Microsoft Word is a non-free commercial word processor designed by Microsoft. It was first released in 1983 under the name Multi-Tool Word for Xenix systems. Subsequent versions were later written for several other platforms including IBM PCs running DOS (1983), the Apple Macintosh (1984), the AT&T Unix PC (1985), Atari ST (1986), SCO UNIX, OS/2, and Microsoft Windows (1989). It is a component of the Microsoft Office system; it is also sold as a standalone product and included in Microsoft Works Suite. The current versions are Microsoft Word 2010 for Windows and 2011 for Mac.
1981, Microsoft hired Charles Simonyi, the primary developer of Bravo, the first GUI word processor, which was developed at Xerox PARC. Simonyi started work on a word processor called Multi-Tool Word and soon hired Richard Brodie, a former Xerox intern, who became the primary software engineer.
Microsoft Word 5.0 for DOS. Versions 1.0 to 4.0 had a similar user interface.
Microsoft announced Multi-Tool Word for Xenix and MS-DOS in 1983. Its name was soon simplified to Microsoft Word. Free demonstration copies of the application were bundled with the November 1983 issue of PC World, making it the first program to be distributed on-disk with a magazine. Unlike most MS-DOS programs at the time, Microsoft Word was designed to be used with a mouse, and it was able to display some formatting, such as bold, italic, and underlined text, although it could not render fonts. It was not initially popular, since its user interface was different from the leading word processor at the time, WordPerfect. However, Microsoft steadily improved the product, releasing versions 2.0 through 5.0 over the next six years.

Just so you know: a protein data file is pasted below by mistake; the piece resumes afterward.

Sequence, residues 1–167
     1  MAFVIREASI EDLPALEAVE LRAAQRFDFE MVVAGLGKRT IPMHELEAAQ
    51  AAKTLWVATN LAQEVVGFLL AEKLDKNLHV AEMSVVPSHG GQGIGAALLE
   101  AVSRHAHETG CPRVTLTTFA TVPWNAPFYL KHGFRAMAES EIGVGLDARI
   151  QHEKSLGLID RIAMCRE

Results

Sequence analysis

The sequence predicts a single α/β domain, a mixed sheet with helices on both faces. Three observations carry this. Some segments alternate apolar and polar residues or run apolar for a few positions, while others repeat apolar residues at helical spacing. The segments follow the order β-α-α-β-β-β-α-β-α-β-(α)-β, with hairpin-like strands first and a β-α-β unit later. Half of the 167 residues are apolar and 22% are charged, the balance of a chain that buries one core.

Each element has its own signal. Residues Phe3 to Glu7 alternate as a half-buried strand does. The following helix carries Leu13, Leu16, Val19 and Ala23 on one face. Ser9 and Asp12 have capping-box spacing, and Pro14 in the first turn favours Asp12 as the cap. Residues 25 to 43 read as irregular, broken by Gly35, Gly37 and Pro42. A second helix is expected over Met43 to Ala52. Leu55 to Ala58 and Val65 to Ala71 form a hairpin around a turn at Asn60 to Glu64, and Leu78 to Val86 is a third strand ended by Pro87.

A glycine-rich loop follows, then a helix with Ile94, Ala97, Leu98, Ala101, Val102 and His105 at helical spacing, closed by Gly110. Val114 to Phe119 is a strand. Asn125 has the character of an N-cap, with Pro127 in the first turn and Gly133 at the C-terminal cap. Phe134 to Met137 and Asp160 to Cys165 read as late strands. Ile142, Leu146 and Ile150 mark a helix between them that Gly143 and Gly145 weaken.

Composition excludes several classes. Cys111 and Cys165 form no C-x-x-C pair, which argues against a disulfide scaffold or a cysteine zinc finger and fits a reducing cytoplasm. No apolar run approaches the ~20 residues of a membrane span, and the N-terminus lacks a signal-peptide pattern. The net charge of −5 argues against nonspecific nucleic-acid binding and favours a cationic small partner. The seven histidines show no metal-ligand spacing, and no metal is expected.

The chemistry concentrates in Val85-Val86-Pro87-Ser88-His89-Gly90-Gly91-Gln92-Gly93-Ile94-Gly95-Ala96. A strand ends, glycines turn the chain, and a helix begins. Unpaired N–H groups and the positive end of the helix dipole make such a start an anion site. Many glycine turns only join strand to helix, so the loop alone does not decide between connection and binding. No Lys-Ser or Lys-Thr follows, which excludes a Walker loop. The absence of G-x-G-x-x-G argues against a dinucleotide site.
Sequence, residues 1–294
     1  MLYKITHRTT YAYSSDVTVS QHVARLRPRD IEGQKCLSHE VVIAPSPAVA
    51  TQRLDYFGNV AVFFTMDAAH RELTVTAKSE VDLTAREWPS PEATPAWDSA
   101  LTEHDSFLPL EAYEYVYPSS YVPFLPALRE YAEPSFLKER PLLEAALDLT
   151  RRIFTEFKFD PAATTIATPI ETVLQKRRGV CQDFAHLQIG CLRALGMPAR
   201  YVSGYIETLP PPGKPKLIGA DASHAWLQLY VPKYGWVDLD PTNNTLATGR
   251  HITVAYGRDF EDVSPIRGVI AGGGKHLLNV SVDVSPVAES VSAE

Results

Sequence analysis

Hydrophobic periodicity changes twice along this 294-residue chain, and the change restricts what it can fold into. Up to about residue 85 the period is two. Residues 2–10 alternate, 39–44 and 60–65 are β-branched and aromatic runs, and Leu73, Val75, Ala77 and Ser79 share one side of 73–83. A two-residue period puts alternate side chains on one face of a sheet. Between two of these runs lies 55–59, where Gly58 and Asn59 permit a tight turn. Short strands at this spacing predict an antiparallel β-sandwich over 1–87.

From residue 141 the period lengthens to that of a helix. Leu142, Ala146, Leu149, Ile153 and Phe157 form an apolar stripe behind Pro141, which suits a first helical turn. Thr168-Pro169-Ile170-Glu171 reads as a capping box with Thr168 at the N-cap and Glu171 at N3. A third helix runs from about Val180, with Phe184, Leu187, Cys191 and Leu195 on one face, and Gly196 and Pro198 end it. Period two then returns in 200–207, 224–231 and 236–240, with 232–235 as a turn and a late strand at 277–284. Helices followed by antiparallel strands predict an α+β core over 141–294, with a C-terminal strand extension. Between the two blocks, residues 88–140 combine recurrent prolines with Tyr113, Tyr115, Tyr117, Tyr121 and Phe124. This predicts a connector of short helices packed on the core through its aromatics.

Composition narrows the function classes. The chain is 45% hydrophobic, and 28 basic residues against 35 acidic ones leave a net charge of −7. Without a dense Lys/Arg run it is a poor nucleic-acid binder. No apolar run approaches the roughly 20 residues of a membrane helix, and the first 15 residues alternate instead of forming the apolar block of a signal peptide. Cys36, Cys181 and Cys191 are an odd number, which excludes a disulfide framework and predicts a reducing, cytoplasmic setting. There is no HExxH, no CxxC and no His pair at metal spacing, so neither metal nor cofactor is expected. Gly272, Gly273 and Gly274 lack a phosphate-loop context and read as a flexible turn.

In 1985, Microsoft ported Word to the Macintosh. This was made easier by the fact that Word for DOS has been designed for use with high-resolution displays and laser printers, even though none were yet available to the general public. Following the precedents of LisaWrite and MacWrite, Word for Mac added true WYSIWYG features. After its release, Word for Mac's sales were higher than its MS-DOS counterpart for at least four years.
The second release of Word for Macintosh, shipped in 1987, was named Word 3.0 to synchronize its version number with Word for DOS; this was Microsoft's first attempt to synchronize version numbers across platforms. Word 3.0 included numerous internal enhancements and new features, including the first implementation of the Rich Text Format (RTF) specification, but was plagued with bugs. Within a few months Word 3.0 was superseded by a more stable Word 3.01, which was mailed free to all registered users of 3.0. After MacWrite, Word for Mac never had any serious rivals on the Mac. Word 5.1 for the Macintosh, released in 1992, was a very popular word processor owing to its elegance, relative ease of use and feature set. Many users say its the best version of Word for Mac ever created.